Re: Nimda esponsibility - Laying appropriatel - implied warranty of sale

From: fosterd (fosterd@airshow.net)
Date: 09/28/01


Date: Fri, 28 Sep 2001 10:39:18 -0400
Message-Id: <200109281039.AA679936592@mail.airshow.net>
From: "fosterd " <fosterd@airshow.net>
To: <fc@all.net>, <namor@att.net>
Subject: Re: Nimda esponsibility - Laying appropriatel - implied warranty of sale

I see one problem as how to recompense those who have been harmed. Fred has the answer for that, as impractical as it may seem. A second problem is how to make the Internet safer. While not purchasing one vendor's products may seem a quick and easy way to enforce quality, the vendor's products are selected by each user because, flaws and all, they provide a better way to accomplish the individual's mission. To the individual user, the harm their using the product causes to others (transit point for malicious actions) and the chance that their work will be corrupted just isn't as important as ease of use and meeting their output goals.

There are several ways to deal with that issue. All have different degrees of palatability. If we put our minds to it, we can generate a long list. Here are just a few ideas:

1) Increase the cost of using the products that cause harm to others. Sue the users to recover the costs of damage. Increase insurance premiums. By legislation, make the software manufacturers pay the cost of implementing necessary security fixes. By increasing the cost, the alternate products look more appealing.
2) Regulate the quality of the products sold. We don't have minimum security standards for anything.
3) Use government's purchasing and contracting power to force market change. What if the government didn't allow the offending products inside it's doors, and didn't allow the use of those products on its contracts?

-- Doug

---------- Original Message ----------------------------------
From: namor@att.net
Date: Fri, 28 Sep 2001 12:32:14 +0000

>Fred, et all,
> Don't bother with a class action. We have seen how
>effective the legal system was in spanking the monopoly
>to begin with. You really want to put them out of
>business? STOP USING THEIR PRODUCTS. How many other
>ways can it be said?
> It is not like there aren't alternatives out
>there. There are other OSes (free & non), other
>browsers, other free media players, other free office
>suites, etc. And in many cases they are compatible with
>the current MS file formats (ie: StarOffice can read and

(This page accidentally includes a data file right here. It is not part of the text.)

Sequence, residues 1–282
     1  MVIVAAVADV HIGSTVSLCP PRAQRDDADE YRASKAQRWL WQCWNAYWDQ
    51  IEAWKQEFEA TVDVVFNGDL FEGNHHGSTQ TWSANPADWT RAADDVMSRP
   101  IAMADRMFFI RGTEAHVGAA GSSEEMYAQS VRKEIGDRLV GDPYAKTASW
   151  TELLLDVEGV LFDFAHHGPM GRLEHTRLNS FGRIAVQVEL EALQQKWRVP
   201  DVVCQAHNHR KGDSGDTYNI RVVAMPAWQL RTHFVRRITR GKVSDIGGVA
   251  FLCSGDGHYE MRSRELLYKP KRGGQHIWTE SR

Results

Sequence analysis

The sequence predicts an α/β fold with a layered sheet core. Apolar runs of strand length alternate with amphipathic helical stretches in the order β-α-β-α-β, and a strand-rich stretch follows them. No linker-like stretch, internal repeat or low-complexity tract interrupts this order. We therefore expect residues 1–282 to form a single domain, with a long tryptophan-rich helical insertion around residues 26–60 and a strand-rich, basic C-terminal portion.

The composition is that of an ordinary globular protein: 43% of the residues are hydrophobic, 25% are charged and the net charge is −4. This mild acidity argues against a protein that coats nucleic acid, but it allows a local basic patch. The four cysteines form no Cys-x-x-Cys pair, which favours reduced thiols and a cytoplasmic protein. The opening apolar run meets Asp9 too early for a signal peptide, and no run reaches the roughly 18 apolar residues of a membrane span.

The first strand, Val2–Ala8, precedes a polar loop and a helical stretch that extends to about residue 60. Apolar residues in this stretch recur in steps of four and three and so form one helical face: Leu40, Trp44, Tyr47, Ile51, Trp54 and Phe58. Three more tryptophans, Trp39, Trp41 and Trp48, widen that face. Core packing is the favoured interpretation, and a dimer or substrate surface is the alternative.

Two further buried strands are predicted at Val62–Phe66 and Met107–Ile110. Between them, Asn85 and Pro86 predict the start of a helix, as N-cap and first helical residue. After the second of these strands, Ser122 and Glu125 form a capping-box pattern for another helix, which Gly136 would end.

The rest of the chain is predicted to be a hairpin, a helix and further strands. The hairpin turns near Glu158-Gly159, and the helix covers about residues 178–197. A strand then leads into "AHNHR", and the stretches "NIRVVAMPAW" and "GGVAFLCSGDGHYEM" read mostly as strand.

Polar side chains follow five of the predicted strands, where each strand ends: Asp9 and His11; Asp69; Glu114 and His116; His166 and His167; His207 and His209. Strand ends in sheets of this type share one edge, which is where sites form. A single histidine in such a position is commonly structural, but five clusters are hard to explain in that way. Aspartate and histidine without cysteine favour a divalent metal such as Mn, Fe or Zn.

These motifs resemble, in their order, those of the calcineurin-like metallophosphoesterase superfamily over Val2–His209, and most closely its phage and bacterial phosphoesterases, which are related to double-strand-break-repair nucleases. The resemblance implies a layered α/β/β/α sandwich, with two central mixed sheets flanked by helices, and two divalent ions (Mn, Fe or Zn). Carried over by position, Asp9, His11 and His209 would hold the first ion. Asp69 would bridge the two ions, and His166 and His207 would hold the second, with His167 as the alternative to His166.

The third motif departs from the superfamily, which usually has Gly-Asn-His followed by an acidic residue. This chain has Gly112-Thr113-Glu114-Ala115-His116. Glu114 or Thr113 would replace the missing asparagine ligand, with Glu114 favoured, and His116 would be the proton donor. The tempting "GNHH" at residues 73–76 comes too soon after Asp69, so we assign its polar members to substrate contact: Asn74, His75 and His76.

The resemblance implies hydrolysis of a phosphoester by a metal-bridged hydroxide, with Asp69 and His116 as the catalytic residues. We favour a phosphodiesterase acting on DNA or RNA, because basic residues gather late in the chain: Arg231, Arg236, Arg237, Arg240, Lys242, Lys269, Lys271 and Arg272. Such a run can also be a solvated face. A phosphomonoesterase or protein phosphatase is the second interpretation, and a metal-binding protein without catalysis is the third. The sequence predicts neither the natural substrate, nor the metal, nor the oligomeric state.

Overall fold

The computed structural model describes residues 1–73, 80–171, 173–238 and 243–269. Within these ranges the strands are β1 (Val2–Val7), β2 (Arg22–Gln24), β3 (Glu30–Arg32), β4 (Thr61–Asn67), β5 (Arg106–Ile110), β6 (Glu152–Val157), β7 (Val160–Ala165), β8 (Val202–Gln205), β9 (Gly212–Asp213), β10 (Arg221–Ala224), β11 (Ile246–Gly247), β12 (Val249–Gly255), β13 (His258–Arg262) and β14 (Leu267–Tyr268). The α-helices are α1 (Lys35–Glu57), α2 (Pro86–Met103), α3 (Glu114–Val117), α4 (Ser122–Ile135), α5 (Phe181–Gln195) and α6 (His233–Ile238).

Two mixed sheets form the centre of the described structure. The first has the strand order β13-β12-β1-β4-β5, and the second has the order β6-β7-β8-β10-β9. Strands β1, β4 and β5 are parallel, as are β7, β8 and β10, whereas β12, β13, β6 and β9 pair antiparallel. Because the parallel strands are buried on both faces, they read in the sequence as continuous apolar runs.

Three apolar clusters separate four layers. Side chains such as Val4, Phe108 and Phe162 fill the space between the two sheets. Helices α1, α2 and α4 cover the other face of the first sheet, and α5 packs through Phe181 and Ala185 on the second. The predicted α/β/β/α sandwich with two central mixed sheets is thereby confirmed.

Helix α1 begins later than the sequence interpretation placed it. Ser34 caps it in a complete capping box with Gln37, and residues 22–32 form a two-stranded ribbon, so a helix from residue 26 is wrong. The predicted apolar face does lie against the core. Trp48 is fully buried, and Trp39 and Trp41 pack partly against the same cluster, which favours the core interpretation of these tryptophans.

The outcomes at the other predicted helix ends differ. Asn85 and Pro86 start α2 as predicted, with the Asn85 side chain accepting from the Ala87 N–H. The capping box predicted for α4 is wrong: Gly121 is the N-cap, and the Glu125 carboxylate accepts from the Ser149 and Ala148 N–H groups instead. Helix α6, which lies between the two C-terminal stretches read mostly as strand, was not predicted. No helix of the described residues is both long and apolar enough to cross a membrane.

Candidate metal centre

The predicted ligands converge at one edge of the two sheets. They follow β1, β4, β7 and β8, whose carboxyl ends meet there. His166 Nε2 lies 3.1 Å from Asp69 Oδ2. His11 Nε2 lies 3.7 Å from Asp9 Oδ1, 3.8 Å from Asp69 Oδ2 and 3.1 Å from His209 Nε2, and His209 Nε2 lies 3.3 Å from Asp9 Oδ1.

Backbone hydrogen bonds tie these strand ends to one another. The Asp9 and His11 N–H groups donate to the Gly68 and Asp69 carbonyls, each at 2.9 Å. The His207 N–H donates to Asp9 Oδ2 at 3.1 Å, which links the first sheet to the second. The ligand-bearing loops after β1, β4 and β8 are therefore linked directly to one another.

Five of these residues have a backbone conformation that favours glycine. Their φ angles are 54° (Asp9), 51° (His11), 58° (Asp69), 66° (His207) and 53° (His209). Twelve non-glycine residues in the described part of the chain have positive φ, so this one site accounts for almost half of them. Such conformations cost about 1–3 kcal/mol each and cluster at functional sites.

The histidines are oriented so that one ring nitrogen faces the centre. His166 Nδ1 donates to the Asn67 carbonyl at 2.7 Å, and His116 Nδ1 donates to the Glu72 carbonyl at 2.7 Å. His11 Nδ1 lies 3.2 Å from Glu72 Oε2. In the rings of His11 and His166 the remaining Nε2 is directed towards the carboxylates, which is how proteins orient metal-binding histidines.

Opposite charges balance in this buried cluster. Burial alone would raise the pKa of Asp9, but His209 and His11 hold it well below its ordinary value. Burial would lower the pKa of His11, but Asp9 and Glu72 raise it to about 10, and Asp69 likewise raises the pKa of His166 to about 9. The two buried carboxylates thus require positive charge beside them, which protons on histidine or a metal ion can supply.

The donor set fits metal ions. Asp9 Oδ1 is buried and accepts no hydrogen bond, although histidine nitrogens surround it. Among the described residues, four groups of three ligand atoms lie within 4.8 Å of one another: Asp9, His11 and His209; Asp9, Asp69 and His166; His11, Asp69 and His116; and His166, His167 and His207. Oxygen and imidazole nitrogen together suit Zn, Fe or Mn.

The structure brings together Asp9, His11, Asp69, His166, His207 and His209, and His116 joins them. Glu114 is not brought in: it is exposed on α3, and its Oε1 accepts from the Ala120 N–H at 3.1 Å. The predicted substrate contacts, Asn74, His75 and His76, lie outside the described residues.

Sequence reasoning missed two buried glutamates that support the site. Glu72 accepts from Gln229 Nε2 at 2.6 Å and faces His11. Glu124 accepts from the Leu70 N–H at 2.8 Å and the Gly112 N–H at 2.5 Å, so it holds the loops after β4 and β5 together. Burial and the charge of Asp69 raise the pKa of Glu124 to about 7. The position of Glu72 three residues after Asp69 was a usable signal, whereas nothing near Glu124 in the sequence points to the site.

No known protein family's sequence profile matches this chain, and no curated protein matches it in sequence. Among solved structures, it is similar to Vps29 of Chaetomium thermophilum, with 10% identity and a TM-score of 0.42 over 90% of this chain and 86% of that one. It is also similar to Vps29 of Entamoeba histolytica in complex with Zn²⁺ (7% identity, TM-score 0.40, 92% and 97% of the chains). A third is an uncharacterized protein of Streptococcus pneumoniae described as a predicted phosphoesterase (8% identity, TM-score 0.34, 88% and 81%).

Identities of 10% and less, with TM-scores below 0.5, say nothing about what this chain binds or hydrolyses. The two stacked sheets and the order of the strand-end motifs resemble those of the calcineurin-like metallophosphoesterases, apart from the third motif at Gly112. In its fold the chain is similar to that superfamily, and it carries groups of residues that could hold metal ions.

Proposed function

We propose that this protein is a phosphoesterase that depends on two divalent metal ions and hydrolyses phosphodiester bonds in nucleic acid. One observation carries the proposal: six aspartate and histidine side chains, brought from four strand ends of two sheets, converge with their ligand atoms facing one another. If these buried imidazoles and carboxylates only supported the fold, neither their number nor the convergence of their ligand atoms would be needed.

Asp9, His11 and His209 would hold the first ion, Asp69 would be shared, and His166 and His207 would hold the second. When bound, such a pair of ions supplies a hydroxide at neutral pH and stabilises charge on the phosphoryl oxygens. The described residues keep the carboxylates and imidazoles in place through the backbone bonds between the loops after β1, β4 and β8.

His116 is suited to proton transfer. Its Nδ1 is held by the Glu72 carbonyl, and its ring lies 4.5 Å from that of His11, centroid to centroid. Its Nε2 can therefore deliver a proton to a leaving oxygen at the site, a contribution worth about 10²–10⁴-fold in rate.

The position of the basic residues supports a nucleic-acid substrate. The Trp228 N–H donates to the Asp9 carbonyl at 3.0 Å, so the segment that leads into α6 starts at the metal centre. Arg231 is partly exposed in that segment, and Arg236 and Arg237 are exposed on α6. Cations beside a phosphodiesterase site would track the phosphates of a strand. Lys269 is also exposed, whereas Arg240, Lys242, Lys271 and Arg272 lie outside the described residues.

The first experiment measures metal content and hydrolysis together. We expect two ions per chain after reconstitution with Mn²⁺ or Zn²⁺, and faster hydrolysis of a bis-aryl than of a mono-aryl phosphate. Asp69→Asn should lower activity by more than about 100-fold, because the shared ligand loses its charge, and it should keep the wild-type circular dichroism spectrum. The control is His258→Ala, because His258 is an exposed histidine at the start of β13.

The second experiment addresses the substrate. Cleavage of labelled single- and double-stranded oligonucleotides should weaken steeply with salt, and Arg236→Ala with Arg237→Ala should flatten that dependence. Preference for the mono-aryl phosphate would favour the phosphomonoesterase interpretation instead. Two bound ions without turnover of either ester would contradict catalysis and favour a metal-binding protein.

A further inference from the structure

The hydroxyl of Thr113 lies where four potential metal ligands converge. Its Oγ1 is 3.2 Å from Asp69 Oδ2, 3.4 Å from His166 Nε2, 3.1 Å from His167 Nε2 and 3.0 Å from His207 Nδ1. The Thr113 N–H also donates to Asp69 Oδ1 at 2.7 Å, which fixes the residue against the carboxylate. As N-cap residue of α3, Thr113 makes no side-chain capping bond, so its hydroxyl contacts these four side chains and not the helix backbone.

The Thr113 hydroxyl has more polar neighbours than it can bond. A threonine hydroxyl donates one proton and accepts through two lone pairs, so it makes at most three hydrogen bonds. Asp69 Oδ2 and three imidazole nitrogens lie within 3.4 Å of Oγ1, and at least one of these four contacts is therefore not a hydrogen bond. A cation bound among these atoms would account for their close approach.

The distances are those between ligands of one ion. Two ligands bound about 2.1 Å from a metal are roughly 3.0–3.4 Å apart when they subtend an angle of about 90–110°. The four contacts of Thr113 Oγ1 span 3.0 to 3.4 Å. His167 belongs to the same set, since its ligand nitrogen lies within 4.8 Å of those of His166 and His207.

>save as MS office formats). But as consultants,
>contractors, and vendors we are not pushing our
>customers to make the change.
> It's the same in the Anti-Virus industry, who by
>the way is the real culprit here. We keep using that
>ineffective, reactive signature-file based garbage when
>there are clearly better alternatives out there to offer
>our customers (like behavior-based solutions such as
>InDefense's Achilles Shield and Mail Defense products I
>use -- infectionless since 1999!). Time for a better
>solution.
> If you are serious about this effort, then
>education and proof are the keys to making it work.
>Build two boxes, one MS and one Linux for example. Lock
>them down as best you can then attack them while your
>customer watches. The proof is in the results. When
>the dust settles, which box is still operational? Which
>one over time has more "uptime"? Uptime = money and
>mission success, and THAT is where the victory will be
>won.
>
>Just my $0.02
>Rob
>> > > In my view, the responsibility for NIMDA lies clearly in Microsoft's lap
>> > > and the lap of the author, but there is plenty of blame to go around. I
>> > > say forget about telling the ISPs what to do - start a class action suit
>> > > against Microsoft for putting this crap into the market knowing full
>> > > well how it might be exploited and knowing full well that it was
>> > > choosing time to market over quality. The class is all users of
>> > > Microsoft IIS servers and every person who has a system that has been
>> > > affected by the virus. The dmages are the total cost of all actions
>> > > taken to defend against or monitor this infection, in cluding all time
>> > > taken by all parties involved. Put them out of business unless and
>> > > until they can act responsibly.
>> >
>> > You should read the agreement you (and everyone else) just clicks "Agree" to
>> > whenever you install a piece of software (not just MS). I am not a lawyer
>> > but as far as I can tell it means "You accept that you are paying for this
>> > product as is and we make no guarantee that it will be secure, reliable,
>> > compatible, works as advertised or will even work at all"
>> >
>> > This is standard throughout the software industry, and no other industry in
>> > the world is allowed to operate under these terms. Anyone know whether
>> > clicking that Agree button removes all your rights to legal recourse? I
>> > would've thought it would; that's why they put it in.
>> >
>> > S. :)
>>
>> What many people fail to understand is that there is something called an
>> implied warranty of sale that cannot be voided, even under contracts
>> such as these. It is typically defined in terms of 'suitability for
>> purpose'. Thelegal issues surrounding the non-warranty for software has
>> never been setteld - and it should - and this would be a great case to
>> do it with.
>>
>> FC
>> --This communication is confidential to the parties it is intended to serve--
>> Fred Cohen Fred Cohen & Associates.........tel/fax:925-454-0171
>> fc@all.net The University of New Haven.....http://www.unhca.com/
>> http://all.net/ Sandia National Laboratories....tel:925-294-2087
>>
>>
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